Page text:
This silver ciborium was commissioned by the sisters in 1879. It was crafted by the prominent Geelong silversmith Edward Fischer.

Born in Vienna in 1828, Fischer arrived in Victoria in the 1850s and by 1857 had established his business in Geelong. Although demand for his work was initially slow, by the 1860s Fischer's reputation had grown and he began to receive orders for items such as jewellery, tableware and ecclesiastical items as well as presentation pieces. One of the most important commissions for Edward Fischer was for the Melbourne Racing Club. From 1861 when the first Melbourne Cup was run, a trophy made in England had been presented to the Cup winner. With the increase in population and circulation of money created by the gold boom, there was a rise in patriotic feeling and identity and the Melbourne Racing Club decided that a locally made trophy would be more appropriate. In 1865, Fischer received the commission to design and manufacture the first locally produced Melbourne Cup.

With the honour and prestige this commission accorded to Fischer, he received many more requests for trophies from various sporting clubs throughout Geelong. The most significant in regard to his reputation was the commission to produce the Geelong Cup. For more than a decade Fischer designed and produced the Geelong Gold Cup, with shapes varying from richly engraved claret jugs and champagne glasses to more plainly decorated urns. All proved popular with the public.

As well as manufacturing high quality silver and gold items, Fischer's shop also functioned as a watchmaker's shop with "every description of repairing done to all articles which come under the notice of the goldsmith". The public was also invited to inspect his premises and workshop, with the effect that his business became a household name in Geelong.

In 1891 however, Fischer sold his business and moved to Melbourne, opening a shop in Collins St with his son Harry. Edward Fischer died in 1911, and by 1904 Harry was running the business solely until 1916.


In 1905, Mother M. Evangelist Doogan, then Superior of the Newtown Convent, commissioned William Tappin of Reid Smart and Tappin to paint and beautify the sanctuary. Tappin engaged Estonian craftsman Jaan (John) Kannuluik to carve and build a a Gothic style high altar of English oak. The Advocate gave a glowing account of the work and claimed "the altar is a veritable triumph of the wood-carvers art". Installed in the altar were six beautiful hand painted oil panels of angels.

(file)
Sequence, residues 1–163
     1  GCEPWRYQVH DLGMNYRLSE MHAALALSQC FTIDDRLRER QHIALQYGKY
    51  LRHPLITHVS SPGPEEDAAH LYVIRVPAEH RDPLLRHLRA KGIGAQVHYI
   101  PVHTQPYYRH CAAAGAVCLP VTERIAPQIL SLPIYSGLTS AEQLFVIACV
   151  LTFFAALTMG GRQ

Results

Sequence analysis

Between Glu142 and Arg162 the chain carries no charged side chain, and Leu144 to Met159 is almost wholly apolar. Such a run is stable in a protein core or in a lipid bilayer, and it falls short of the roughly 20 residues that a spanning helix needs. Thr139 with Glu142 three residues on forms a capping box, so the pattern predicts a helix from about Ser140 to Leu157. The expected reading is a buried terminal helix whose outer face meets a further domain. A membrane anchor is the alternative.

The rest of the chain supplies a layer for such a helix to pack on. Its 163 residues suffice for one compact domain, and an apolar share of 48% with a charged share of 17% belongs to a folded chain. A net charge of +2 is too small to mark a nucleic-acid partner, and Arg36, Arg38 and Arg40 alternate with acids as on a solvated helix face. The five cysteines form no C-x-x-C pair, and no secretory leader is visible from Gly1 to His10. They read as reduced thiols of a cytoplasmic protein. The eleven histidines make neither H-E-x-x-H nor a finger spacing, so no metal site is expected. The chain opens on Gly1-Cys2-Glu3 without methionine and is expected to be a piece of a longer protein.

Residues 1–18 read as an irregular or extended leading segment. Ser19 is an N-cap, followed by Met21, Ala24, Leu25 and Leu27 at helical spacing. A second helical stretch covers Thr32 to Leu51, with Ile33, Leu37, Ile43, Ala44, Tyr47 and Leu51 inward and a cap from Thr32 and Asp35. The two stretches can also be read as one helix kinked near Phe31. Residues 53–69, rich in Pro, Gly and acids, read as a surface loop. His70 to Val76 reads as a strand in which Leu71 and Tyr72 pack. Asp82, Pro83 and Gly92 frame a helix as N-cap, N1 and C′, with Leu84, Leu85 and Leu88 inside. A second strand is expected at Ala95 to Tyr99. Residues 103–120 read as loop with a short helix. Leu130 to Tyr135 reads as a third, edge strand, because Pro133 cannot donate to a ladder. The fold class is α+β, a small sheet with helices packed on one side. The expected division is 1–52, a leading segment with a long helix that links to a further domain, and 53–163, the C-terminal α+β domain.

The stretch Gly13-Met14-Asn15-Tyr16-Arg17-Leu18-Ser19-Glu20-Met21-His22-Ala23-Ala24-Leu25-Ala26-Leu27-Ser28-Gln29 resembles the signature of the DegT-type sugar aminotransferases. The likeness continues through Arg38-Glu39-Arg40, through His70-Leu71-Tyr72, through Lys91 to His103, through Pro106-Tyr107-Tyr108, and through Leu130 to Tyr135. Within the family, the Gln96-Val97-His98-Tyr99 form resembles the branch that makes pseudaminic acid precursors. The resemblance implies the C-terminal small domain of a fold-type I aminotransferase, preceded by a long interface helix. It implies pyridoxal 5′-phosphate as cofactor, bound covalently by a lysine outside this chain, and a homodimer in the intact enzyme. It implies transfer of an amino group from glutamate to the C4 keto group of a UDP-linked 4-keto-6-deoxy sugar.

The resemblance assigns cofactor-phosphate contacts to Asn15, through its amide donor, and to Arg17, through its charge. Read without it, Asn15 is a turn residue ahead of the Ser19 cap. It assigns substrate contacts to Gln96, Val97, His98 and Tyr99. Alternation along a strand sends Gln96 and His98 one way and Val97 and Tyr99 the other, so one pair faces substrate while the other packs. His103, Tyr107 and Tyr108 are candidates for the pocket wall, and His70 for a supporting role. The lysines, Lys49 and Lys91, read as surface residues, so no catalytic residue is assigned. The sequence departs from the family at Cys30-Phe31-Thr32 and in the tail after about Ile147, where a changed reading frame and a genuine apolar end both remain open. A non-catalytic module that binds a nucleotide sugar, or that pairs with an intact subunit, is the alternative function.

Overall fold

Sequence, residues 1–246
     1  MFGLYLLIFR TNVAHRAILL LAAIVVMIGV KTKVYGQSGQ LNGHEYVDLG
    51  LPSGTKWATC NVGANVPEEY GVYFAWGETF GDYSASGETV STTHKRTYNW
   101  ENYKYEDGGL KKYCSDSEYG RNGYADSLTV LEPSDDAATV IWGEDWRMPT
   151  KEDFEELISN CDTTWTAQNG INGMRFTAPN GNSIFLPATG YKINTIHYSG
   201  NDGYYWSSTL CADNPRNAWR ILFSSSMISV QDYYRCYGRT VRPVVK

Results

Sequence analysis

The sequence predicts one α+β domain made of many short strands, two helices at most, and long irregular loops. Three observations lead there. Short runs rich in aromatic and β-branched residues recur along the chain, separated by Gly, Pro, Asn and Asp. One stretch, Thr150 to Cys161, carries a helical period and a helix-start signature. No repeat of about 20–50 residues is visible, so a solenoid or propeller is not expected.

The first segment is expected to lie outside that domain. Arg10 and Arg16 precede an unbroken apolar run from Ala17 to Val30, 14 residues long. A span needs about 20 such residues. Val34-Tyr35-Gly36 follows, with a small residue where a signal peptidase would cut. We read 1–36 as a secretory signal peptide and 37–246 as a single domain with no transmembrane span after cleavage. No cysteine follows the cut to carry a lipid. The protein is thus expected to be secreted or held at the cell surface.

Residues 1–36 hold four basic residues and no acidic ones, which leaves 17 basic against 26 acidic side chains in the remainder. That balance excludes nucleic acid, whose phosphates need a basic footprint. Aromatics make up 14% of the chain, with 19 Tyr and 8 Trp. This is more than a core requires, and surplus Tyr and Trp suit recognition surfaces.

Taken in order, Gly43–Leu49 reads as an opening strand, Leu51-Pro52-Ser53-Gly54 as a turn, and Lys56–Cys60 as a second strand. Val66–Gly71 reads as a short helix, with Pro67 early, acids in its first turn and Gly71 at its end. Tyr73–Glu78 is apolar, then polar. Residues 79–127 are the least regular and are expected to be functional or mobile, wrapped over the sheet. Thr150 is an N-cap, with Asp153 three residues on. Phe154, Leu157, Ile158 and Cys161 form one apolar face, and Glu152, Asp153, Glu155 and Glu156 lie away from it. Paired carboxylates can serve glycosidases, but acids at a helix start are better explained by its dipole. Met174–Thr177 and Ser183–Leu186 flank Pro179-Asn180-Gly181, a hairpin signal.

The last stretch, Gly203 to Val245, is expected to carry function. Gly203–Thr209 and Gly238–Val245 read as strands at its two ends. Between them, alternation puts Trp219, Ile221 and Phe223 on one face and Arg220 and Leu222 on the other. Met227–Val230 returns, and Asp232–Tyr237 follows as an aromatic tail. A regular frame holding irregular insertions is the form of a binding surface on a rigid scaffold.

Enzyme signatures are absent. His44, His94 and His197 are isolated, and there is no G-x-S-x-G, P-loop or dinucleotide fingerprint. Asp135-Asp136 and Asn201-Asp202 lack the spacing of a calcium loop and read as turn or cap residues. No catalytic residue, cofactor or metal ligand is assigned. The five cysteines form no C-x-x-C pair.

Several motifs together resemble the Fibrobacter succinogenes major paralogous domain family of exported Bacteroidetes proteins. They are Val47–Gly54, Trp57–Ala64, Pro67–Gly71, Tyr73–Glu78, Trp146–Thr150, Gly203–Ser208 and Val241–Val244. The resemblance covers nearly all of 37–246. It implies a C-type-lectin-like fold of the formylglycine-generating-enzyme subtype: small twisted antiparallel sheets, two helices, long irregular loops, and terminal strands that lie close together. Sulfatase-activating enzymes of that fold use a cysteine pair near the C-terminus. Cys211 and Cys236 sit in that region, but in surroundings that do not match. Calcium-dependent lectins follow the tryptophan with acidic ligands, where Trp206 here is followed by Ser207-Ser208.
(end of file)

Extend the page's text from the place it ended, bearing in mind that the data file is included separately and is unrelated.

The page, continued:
The panels were removed from the altar in the 1960s when the altar was remodelled after Vatican II. For more than 50 years it was thought the angels were lost but they had lain hidden on top of an old cupboard on the upper floor of the old Convent.

The angels were found - or chose to be found - the day the Chapel restoration was completed. The angels have been rehung in the newly created narthex outside the Chapel doors.


Pressed and cast metal with 17 gem stones.

A Monstrance, sometimes also called ostensorium, in the Roman Catholic church and some other churches, is a vessel in which the eucharistic host is carried in processions and is exposed during certain devotional ceremonies. Both names are derived from Latin words (monstrare and ostendere) that mean “to show.” 

First used in France and Germany in the 14th century, when popular devotion to the Blessed Sacrament developed, monstrances were modelled after pyxes or reliquaries, sacred vessels for transporting the host or relics. The host was shown in a glass cylinder mounted on a base and surmounted by some sort of metal crown.

In the 16th century the monstrance took its present shape: a circular pane of glass set in a cross or surrounded with metal rays. The host is placed in a holder called a lunette, which fits into an opening behind the glass.

This monstrance was made in France and given as a gift to the Sisters of Mercy from the pupils of the Sacred Heart Boarding School.


One of Sacred Heart College’s most beautiful, touching and personal treasures is the original tabernacle key from around 1907. Decorating the trefoil are three women’s rings; a late Victorian wedding ring with six rose cut diamonds, a Victorian dress ring and an Edwardian solitaire diamond ring. The chain and locket hanging from the key are 15ct and there is a garnet in the centre of the heart shaped locket which is inscribed with the Sacred Heart of Jesus.

The jewellery is believed to have come from a Sister of Mercy, possibly as part of a ‘dowry’ when she entered the convent. Sisters took a vow of poverty and other than their habits and rosaries, had no other personal possessions. These may have been inherited from her mother.

The rings and locket were added to the key about 1920, by T. Gaunt & Co, who had a shop on the corner of the Royal Arcade in Bourke St, Melbourne. Started in 1856 by Thomas Gaunt, who was well known for his chronograph at Flemington, but most famously his clock and figures Gog and Magog which still grace the Royal Arcade. Thomas also made the turret clock that still stands at the former Geelong West Town Hall.

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